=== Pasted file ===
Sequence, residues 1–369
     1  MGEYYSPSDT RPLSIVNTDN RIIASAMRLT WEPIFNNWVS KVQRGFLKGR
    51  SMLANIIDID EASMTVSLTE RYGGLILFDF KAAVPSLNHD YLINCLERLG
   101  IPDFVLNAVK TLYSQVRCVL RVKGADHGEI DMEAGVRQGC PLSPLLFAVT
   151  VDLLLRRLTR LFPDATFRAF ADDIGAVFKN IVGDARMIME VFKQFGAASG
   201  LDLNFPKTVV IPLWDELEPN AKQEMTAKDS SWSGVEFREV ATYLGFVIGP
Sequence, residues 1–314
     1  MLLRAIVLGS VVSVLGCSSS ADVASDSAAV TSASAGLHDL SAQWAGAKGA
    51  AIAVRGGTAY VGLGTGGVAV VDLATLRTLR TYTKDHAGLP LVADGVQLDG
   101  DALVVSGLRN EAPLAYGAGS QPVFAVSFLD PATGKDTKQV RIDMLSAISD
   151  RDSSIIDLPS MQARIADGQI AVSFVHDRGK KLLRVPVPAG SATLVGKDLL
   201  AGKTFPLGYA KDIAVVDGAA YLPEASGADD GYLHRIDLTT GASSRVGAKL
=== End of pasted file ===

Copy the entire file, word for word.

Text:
Sequence, residues 1–369
     1  MGEYYSPSDT RPLSIVNTDN RIIASAMRLT WEPIFNNWVS KVQRGFLKGR
    51  SMLANIIDID EASMTVSLTE RYGGLILFDF KAAVPSLNHD YLINCLERLG
   101  IPDFVLNAVK TLYSQVRCVL RVKGADHGEI DMEAGVRQGC PLSPLLFAVT
   151  VDLLLRRLTR LFPDATFRAF ADDIGAVFKN IVGDARMIME VFKQFGAASG
   201  LDLNFPKTVV IPLWDELEPN AKQEMTAKDS SWSGVEFREV ATYLGFVIGP
Sequence, residues 1–314
     1  MLLRAIVLGS VVSVLGCSSS ADVASDSAAV TSASAGLHDL SAQWAGAKGA
    51  AIAVRGGTAY VGLGTGGVAV VDLATLRTLR TYTKDHAGLP LVADGVQLDG
   101  DALVVSGLRN EAPLAYGAGS QPVFAVSFLD PATGKDTKQV RIDMLSAISD
   151  RDSSIIDLPS MQARIADGQI AVSFVHDRGK KLLRVPVPAG SATLVGKDLL
   201  AGKTFPLGYA KDIAVVDGAA YLPEASGADD GYLHRIDLTT GASSRVGAKL